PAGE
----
By Steve Goldstein
U.K. blue chips reversed gear on Thursday, heading lower after eight straight days of gains.
After ending Wednesday at its highest level since June 8, the FTSE 100 /zigman2/quotes/210598409/delayed UK:UKX +0.08% fell 0.9%. Rolls-Royce /zigman2/quotes/203646520/delayed UK:RR +1.51% , the hard-hit engine maker, dropped 8% after rallying on the news about the effectiveness of drugmaker Pfizer’s vaccine candidate. HSBC Holdings /zigman2/quotes/203901799/delayed UK:HSBA -0.20% and Standard Chartered /zigman2/quotes/200125072/delayed UK:STAN +1.36% dropped sharply.
“As the vaccine euphoria fades and the reality of increasing virus cases across the EU and U.S. hits the headlines, we think there will be a pull back into the end of the week,” said Rony Nehme, chief market analyst at Squared Financial.
The 14.4% surge in the FTSE 100 over eight sessions was the longest of the year, and best from a percentage standpoint since Nov. 5, 2008.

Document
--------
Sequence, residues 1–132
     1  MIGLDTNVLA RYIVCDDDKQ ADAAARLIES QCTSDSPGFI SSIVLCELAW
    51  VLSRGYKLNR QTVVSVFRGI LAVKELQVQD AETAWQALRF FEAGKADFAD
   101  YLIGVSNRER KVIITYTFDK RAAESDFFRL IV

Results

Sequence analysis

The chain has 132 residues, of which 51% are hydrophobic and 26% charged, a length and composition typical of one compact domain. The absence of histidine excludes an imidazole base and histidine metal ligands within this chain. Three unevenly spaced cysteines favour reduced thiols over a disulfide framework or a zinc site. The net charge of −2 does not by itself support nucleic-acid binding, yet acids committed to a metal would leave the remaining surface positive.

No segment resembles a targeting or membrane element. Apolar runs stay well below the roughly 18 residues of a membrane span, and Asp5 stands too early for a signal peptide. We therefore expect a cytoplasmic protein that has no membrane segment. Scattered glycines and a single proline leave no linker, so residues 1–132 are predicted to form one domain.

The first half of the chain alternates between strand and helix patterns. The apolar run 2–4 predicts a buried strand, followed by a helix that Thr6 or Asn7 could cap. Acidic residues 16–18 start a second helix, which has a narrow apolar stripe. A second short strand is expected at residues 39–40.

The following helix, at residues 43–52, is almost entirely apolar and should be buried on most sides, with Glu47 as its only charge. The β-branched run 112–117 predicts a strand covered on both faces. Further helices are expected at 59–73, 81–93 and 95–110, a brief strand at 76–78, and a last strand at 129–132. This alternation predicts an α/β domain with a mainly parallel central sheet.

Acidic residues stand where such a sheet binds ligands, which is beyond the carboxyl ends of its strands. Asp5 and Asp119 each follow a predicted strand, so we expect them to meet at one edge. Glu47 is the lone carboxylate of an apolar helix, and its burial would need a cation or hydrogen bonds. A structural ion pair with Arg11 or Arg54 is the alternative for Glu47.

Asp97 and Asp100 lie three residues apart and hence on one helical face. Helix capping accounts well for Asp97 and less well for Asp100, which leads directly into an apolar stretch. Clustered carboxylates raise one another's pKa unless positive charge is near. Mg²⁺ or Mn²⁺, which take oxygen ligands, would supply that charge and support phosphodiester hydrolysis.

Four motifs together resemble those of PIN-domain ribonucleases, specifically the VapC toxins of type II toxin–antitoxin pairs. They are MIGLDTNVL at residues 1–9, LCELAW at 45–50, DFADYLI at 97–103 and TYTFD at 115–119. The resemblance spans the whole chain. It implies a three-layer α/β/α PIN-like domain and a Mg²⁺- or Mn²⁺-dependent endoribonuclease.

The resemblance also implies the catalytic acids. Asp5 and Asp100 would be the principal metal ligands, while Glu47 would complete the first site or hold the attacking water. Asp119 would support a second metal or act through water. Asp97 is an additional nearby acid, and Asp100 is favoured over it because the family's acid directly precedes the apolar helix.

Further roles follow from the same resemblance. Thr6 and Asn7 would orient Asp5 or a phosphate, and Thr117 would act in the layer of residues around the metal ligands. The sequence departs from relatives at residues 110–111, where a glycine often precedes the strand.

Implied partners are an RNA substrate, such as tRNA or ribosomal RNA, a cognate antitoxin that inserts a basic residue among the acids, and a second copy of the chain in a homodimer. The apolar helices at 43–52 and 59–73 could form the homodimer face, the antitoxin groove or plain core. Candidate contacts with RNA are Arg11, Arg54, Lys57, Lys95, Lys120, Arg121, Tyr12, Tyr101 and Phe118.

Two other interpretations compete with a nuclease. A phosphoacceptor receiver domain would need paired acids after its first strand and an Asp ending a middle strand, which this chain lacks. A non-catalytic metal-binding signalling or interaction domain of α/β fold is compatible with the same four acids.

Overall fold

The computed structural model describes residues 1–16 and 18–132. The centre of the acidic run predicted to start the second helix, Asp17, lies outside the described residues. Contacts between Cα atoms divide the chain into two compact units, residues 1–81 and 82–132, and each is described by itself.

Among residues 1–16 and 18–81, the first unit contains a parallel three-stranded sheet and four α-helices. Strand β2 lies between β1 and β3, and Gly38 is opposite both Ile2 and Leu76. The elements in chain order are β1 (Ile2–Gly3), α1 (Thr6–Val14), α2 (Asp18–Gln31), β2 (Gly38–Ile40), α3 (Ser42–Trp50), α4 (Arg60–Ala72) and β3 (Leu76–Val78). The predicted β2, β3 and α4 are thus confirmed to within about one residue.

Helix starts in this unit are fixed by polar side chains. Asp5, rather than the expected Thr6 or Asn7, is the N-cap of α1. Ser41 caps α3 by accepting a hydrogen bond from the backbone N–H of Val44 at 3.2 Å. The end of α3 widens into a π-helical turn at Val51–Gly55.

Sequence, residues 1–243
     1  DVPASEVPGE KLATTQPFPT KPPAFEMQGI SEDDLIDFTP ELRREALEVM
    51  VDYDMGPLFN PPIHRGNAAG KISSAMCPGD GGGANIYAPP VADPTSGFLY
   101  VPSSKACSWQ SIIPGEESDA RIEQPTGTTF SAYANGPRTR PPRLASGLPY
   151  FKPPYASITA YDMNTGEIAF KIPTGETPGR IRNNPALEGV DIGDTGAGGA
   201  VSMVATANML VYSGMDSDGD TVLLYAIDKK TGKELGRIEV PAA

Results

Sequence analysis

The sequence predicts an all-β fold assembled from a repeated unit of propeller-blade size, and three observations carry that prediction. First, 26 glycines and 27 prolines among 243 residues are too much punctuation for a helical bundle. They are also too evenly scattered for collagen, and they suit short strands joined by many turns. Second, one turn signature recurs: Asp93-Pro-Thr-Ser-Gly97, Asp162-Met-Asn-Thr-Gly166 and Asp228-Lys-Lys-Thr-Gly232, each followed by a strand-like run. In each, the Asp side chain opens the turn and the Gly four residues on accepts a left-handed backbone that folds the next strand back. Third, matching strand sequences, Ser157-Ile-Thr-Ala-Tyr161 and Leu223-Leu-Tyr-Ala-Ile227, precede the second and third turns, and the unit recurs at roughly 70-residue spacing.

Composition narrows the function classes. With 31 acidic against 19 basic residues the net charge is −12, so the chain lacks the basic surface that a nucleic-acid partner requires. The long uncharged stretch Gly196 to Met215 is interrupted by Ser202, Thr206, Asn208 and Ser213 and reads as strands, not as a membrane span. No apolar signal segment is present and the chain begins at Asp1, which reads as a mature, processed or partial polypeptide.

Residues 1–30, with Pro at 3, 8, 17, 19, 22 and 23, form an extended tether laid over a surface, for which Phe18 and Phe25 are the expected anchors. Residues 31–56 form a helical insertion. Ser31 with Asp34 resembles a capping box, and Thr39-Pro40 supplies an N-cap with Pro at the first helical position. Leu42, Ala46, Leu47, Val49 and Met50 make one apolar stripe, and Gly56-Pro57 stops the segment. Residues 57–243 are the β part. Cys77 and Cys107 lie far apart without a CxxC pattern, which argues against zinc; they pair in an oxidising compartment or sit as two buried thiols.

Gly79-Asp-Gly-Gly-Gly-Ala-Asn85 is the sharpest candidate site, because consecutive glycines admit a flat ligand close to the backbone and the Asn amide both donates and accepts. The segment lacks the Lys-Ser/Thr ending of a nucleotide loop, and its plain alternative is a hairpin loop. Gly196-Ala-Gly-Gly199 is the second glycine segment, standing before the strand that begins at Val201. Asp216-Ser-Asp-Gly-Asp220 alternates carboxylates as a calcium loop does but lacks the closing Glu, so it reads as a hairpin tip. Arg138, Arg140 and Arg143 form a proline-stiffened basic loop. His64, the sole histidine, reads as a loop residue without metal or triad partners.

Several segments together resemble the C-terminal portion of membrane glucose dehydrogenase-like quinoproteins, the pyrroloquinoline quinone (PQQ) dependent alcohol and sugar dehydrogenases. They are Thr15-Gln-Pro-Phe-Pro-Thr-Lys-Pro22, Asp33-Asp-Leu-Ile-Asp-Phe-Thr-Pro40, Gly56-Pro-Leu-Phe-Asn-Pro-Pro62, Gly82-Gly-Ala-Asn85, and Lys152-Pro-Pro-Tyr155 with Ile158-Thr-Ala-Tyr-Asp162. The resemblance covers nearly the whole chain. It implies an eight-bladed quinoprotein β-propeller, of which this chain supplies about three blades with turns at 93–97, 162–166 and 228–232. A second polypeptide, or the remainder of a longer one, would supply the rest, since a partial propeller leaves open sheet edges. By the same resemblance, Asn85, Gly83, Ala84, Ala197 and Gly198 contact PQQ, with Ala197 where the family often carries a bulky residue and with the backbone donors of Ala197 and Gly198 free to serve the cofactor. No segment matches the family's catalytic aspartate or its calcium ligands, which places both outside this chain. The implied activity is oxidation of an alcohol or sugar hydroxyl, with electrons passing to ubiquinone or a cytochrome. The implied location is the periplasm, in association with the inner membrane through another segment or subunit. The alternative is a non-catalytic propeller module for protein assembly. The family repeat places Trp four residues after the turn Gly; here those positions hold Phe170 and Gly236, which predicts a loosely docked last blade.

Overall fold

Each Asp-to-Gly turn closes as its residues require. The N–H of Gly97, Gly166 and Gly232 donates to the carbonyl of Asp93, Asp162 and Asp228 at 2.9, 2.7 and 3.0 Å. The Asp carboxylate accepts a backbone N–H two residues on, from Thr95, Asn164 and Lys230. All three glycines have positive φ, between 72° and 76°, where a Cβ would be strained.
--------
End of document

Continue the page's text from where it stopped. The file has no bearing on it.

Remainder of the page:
There is growing concern about the failure, so far, of European Union-U.K. trade talks. One article, in the Guardian, speculated that queues of trucks in the absence of a trade deal could make Kent “the toilet of England.”
News that the U.K.’s gross domestic product rebounded in the third quarter did little to help sentiment. The U.K. economy improved 15.5% in the third quarter, including 1.1% growth in September.
“We expect GDP to contract again during Q4 as virus case numbers picked up and ultimately fuller lockdowns were implemented from the start of November, though we think the fall in GDP will be far more modest than was the case earlier in the year for various reasons: i) the lockdown is less severe this time, ii) people may interpret the rules more loosely than before, iii) having gone through one lockdown, households and firms are in a better position to adapt more quickly and effectively to preserve more of their daily business than before, and iv) there is now light at the end of the tunnel with effective vaccines in the process of being trialed and subsequently (hopefully) approved, which should support confidence ahead of vaccination,” said economists at Nomura.